1

         First, Mr. Carey argues that the Fourth Amendment does not apply to Mr. Reece because Mr. Reece was not a “free citizen” at the time of the alleged incident, and, therefore, his claims that the defendants violated his Fourth Amendment rights should be dismissed. [R. 27-1 at 4.] Mr. Reece instead believes that, because he was not yet a convicted prisoner, Fourth Amendment protections extend to him as a pretrial detainee. [R. 30 at 3-4.]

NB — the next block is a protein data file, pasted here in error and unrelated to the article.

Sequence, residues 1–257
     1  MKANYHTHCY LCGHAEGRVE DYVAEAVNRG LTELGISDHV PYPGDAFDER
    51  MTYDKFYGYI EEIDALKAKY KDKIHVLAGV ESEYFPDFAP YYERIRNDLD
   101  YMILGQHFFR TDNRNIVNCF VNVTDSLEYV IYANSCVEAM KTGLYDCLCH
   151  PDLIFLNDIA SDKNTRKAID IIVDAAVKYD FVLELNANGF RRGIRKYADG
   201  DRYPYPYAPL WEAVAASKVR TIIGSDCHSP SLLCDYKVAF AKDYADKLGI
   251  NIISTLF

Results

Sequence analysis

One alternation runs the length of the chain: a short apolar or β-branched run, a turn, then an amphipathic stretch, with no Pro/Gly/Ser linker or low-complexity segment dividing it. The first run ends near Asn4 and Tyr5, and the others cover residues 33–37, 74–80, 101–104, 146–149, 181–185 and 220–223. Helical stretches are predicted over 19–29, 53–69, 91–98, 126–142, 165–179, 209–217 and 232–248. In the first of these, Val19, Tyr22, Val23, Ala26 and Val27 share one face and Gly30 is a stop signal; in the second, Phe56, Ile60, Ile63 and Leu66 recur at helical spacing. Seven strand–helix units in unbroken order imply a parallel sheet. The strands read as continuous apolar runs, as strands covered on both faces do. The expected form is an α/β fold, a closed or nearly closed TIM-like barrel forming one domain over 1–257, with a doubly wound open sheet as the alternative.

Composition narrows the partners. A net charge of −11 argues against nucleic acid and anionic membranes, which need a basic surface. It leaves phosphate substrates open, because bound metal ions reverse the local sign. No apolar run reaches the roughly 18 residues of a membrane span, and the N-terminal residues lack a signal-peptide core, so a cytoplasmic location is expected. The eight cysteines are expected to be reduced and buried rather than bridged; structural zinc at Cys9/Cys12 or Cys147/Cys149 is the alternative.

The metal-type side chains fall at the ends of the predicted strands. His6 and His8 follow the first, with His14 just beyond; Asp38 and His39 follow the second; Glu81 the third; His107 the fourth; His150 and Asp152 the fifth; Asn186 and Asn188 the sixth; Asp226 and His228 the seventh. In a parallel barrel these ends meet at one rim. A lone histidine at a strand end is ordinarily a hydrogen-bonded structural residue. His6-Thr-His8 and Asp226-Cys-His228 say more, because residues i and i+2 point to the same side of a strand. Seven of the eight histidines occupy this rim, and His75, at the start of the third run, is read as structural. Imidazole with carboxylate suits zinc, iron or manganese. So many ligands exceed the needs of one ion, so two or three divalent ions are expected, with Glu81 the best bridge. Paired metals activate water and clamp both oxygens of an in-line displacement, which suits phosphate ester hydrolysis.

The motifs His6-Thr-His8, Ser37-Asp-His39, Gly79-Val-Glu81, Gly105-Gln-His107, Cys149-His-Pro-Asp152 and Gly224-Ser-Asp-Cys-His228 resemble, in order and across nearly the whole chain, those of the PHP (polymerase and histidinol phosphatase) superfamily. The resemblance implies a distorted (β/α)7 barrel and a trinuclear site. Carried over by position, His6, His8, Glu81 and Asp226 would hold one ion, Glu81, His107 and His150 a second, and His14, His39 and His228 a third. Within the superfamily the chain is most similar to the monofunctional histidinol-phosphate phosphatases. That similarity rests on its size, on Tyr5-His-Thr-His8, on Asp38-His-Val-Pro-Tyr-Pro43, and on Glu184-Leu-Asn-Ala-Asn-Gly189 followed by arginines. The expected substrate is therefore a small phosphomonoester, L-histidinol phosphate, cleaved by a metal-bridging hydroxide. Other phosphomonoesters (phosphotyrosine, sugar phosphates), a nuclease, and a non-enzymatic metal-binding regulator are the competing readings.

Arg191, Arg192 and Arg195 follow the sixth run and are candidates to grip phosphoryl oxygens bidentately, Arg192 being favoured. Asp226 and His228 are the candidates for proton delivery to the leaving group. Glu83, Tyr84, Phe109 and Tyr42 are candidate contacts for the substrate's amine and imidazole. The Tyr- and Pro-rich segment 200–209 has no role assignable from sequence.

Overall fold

The Sixth Circuit has acknowledged that a claim of excessive force can be raised under the Fourth, Eighth, or Fourteenth Amendments. Burgess v. Fischer, 735 F.3d 462, 472 (6th Cir. 2013). The Fourth Amendment protects free citizens from excessive force in its prohibition against unreasonable seizures. Id. The Eighth Amendment protects convicted persons from excessive force in its prohibition against cruel and unusual punishment. Id. However, persons, such as Mr. Reece, who are detained before trial are somewhere in the middle. The Burgess Court recognized this and determined that the Fourteenth Amendment's Due Process Clause is applicable to prohibit excessive force against those citizens who are neither free nor convicted. Id. The Sixth Circuit has held that claims of excessive force on a pretrial detainee are to be litigated under the Fourteenth Amendment, not the Fourth Amendment. Id.; see also Kulpa for Estate of Kulpa v. Cantea, No. 16-2521 2017 WL 3888000, at *3 (6th Cir. Sept. ...